The Reynolds number scaling of flow topology in the eigenframe of the strain-rate tensor is investigated for wall-bounded flows, which is motivated by earlier works showing that such topologies appear to be qualitatively universal across turbulent flows. The databases used in the current study are from direct numerical simulations (DNS) of fully developed turbulent channel flow (TCF) up to friction Reynolds number Re-tau approximate to 1500, and a spatially developing, zero-pressure-gradient turbulent boundary layer (TBL) up to Re-theta approximate to 4300 (Re-tau approximate to 1400). It is found that for TCF and TBL at different Reynolds numbers, the averaged flow patterns in the local strain-rate eigenframe appear the same consisting of a pair of co-rotating vortices embedded in a finite-size shear layer. It is found that the core of the shear layer associated with the intense vorticity region scales on the Kolmogorov length scale, while the overall height of the shear layer and the distance between the vortices scale well with the Taylor micro scale. Moreover, the Taylor micro scale collapses the height of the shear layer in the direction of the vorticity stretching. The outer region of the averaged flow patterns approximately scales with the macro scale, which indicates that the flow patterns outside of the shear layer mainly are determined by large scales. The strength of the shear layer in terms of the peak tangential velocity appears to scale with a mixture of the Kolmogorov velocity and root-mean-square of the streamwise velocity scaling. A quantitative universality in the reported shear layers is observed across both wall-bounded flows for locations above the buffer region.

  • 256.
    Åkervik, Espen
    et al.
    KTH, School of Engineering Sciences (SCI), Mechanics.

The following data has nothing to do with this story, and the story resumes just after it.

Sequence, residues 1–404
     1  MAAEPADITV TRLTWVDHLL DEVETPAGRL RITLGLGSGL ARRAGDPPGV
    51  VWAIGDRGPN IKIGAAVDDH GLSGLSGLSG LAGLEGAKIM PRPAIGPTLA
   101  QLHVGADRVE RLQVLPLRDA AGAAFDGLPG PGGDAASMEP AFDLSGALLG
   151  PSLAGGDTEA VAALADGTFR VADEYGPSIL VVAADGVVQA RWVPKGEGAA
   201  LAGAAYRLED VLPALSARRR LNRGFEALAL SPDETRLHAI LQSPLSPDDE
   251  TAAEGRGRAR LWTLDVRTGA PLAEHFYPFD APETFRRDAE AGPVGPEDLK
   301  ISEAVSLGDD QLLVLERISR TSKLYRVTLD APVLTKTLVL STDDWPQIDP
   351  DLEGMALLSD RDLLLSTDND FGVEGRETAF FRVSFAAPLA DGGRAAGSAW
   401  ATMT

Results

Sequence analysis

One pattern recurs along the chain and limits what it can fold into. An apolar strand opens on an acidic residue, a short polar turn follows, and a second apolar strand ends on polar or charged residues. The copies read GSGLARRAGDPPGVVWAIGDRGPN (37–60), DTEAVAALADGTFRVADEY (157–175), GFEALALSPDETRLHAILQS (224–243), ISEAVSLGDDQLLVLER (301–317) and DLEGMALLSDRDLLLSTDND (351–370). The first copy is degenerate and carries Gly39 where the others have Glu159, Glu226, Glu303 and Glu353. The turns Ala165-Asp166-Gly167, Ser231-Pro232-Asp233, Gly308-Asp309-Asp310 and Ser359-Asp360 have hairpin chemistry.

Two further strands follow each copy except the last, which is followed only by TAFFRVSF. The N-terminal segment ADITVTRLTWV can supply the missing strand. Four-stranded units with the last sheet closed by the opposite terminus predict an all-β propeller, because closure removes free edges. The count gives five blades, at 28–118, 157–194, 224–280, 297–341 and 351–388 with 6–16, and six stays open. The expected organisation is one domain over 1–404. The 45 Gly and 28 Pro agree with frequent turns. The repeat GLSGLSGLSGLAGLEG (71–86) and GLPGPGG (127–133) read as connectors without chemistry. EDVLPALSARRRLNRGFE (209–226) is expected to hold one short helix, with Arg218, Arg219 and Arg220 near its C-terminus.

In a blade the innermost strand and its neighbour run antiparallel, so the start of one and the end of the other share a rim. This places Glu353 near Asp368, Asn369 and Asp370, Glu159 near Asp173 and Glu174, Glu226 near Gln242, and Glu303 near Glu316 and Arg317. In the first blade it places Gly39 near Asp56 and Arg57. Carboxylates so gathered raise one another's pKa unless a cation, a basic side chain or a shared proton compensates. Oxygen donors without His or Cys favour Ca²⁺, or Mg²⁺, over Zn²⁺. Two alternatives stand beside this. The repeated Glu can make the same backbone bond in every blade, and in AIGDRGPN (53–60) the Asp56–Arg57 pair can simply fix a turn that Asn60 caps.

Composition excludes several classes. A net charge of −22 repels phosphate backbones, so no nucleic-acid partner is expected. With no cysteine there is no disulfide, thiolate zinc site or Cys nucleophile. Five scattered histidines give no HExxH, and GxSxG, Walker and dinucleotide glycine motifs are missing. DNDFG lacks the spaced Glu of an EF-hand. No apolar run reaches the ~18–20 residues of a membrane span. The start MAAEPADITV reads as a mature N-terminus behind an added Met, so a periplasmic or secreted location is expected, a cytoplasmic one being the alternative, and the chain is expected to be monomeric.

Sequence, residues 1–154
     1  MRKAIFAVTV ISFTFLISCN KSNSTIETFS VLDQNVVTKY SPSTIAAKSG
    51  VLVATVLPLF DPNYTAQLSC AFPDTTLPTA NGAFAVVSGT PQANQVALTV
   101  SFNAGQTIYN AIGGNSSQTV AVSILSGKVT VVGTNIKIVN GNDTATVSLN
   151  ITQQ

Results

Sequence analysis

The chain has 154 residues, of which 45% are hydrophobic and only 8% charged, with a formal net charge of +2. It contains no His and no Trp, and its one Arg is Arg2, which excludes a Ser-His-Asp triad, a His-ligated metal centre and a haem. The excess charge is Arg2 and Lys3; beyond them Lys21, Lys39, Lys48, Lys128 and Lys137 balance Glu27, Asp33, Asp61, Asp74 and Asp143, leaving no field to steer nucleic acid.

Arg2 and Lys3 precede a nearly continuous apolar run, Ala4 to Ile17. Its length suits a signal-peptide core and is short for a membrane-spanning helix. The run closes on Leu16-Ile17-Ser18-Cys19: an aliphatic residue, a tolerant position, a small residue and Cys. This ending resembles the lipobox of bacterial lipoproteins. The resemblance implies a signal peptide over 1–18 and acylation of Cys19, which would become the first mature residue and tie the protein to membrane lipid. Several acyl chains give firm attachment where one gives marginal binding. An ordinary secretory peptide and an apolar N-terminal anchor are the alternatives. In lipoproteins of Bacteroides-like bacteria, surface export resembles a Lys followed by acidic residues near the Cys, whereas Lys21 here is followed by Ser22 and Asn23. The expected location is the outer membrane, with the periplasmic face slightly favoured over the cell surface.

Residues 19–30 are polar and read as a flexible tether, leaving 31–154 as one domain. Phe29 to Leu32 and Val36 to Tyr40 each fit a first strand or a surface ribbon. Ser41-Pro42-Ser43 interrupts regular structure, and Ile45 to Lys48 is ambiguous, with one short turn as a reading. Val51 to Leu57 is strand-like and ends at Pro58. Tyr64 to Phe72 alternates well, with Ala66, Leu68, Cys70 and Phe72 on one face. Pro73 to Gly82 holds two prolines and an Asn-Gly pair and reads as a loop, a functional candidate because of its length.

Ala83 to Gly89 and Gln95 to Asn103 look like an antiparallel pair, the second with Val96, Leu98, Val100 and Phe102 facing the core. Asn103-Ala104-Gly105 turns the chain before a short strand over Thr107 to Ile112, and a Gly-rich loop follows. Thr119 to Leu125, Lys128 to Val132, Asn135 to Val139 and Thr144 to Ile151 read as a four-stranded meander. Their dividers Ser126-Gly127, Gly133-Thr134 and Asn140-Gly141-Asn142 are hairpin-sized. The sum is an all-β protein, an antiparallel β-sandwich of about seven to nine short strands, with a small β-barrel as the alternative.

Brandt, Luca
    KTH, School of Engineering Sciences (SCI), Mechanics.
    Henningson, Dan S.
    KTH, School of Engineering Sciences (SCI), Mechanics.
    Hoepffner, Jérôme
    KTH, School of Engineering Sciences (SCI), Mechanics.
    Marxen, Olaf
    KTH, School of Engineering Sciences (SCI), Mechanics.
    Schlatter, Philipp
    KTH, School of Engineering Sciences (SCI), Mechanics.
    Steady solutions of the Navier-Stokes equations by selective frequency damping2006In: Physics of fluids, ISSN 1070-6631, E-ISSN 1089-7666, Vol. 18, no 6, p. 068102-Article in journal (Refereed)
    Abstract [en]

    A new method, enabling the computation of steady solutions of the Navier-Stokes equations in globally unstable configurations, is presented. We show that it is possible to reach a steady state by damping the unstable (temporal) frequencies. This is achieved by adding a dissipative relaxation term proportional to the high-frequency content of the velocity fluctuations. Results are presented for cavity-driven boundary-layer separation and a separation bubble induced by an external pressure gradient.

  • 257. Åström, J.A.
    et al.
    Carter, A.
    Hetherington, J.
    Ioakimidis, K.
    Lindahl, Erik
    KTH, School of Engineering Sciences (SCI), Theoretical Physics, Theoretical & Computational Biophysics. KTH, Centres, Science for Life Laboratory, SciLifeLab.
    Mozdzynski, G.
    Nash, R. W.
    Schlatter, Philipp
    KTH, School of Engineering Sciences (SCI), Mechanics.
    Signell, A.
    Westerholm, J.
    Preparing scientific application software for exascale computing2013In: Applied Parallel and Scientific Computing: 11th International Conference, PARA 2012, Helsinki, Finland, June 10-13, 2012, Revised Selected Papers / [ed] Pekka Manninen, Per Öster, Springer, 2013, p. 27-42Conference paper (Refereed)